What Is Copay or Copayment?

A copay is a fixed out-of-pocket amount paid by an insured for covered services. It is a standard part of many health insurance plans. Insurance providers often charge co-pays for services such as doctor visits or prescription drugs.

Copays are a specified dollar amount rather than a percentage of the bill, and they usually paid at the time of service. Not all medical services ask you for a copay. For example, some insurance companies do not require a copay for annual physicals.

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Co-Pay

How Co-Pay Works

Copay fees vary among insurers but typically are $25 or less. For example, an insurance plan with copays may require the insured to pay $25 per doctor visit or $10 per prescription. Review the terms of your insurance plan to determine your copayment option.

Key Takeaways

  • Not all medical visits require copayments from patients. 
  • Out-of-network visits might have higher copayments or copays than in-network medical providers.
  • Deductibles are much larger sums than copays.
  • Copays and coinsurance are not the same things. Coinsurance is a percentage of the bill, a copay is a fixed amount.

If there is a copay option, it may include different fees for physician visits, emergency room visits, specialists' visits, and other medical services. Insurance providers often charge higher copays for appointments with out-of-network providers. It is important to be aware of how much out-of-network providers charge for copays, especially if you are making recurring visits.

Copay amounts may change annually, so it is worth checking in with your insurance company or HR department to find out if the amounts have gone up when a new year begins.

How Do Copays Affect Insurance Premiums?

A premium is an amount paid for an insurance policy. In most cases, plans with relatively high premiums are likely to have low co-pays, while plans with low premiums are more likely to have high co-pays.

How Do Copays and Deductibles Affect Each Other?

A deductible is an amount an insured party pays out-of-pocket before an insurance company pays a claim. For example, if you have a $5,000 deductible, you will spend the entirety of your medical expenses until you reach that $5,000 limit. At that point, your insurance company covers the costs, less your copay or coinsurance costs.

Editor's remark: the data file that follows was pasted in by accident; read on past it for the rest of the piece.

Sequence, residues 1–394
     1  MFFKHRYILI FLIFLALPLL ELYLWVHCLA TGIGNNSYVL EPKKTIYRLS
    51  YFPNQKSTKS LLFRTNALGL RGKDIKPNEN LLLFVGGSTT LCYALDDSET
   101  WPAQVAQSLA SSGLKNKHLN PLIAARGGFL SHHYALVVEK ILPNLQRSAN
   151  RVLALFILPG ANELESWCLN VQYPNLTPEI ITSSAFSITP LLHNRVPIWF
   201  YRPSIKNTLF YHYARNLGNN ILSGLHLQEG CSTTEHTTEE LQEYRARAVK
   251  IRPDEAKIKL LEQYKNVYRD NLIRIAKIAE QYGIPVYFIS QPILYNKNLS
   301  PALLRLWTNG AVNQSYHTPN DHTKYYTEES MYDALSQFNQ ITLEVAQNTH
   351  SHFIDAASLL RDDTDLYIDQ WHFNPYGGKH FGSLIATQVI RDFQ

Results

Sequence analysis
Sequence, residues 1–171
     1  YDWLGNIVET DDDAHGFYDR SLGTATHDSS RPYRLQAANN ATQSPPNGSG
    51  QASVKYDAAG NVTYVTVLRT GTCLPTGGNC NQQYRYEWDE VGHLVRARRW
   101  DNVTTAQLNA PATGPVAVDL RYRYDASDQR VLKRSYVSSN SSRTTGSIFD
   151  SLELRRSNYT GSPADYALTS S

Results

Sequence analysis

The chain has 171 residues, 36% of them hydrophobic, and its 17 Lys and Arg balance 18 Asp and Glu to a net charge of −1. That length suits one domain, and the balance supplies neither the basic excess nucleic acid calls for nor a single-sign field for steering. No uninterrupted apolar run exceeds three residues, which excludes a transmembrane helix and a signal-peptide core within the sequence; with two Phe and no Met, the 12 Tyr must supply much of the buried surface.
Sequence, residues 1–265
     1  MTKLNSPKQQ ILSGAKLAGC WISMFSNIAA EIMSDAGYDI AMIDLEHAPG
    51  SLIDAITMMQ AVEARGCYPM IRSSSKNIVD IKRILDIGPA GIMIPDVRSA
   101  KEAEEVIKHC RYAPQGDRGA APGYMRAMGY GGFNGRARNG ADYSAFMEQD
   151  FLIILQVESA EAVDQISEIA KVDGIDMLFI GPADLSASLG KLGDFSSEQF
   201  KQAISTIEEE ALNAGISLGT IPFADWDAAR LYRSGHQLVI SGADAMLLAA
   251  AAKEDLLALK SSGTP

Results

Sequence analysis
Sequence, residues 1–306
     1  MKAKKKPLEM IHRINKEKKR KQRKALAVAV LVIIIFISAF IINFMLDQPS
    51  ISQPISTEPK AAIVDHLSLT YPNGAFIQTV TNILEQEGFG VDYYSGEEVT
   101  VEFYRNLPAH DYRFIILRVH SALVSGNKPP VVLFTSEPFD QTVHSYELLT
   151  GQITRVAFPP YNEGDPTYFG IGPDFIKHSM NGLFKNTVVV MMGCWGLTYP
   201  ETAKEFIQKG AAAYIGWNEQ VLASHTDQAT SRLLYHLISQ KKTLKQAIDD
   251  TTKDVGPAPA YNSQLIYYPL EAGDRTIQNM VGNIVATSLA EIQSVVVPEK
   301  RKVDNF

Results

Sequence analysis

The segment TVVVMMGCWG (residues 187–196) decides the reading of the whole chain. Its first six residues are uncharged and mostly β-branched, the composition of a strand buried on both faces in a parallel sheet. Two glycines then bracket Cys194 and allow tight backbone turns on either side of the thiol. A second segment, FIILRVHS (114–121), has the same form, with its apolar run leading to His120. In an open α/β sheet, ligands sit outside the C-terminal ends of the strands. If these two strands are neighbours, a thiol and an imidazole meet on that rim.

Deductibles and copayments are two different payments to your insurance company.

For example, imagine your co-pay is $20 per medical visit. You see a physician, and the cost is $200. If you have not reached your deductible, you pay for the entire appointment. If you have reached your deductible, you will pay only the copay of $20. Every member of your family will have to make a copay for their medical visits unless one is not required, such in the case of an annual physical, as an example.

How Do Copays and Coinsurance Work Together?

Coinsurance is another out-of-pocket expense many health insurance policyholders pay. Rather than being a fixed fee amount as with copays, coinsurance is a percentage of the total visit cost. In some cases, health insurance policyholders pay both a copay and coinsurance for the same medical appointment.

For example, imagine you receive a filling from a dentist. Your insurer charges a $20 co-pay for every dental appointment, and it levies a 20% coinsurance fee for fillings. If the dentist costs $200, you pay $20 copay and $40 coinsurance for a total of $60 for the appointment.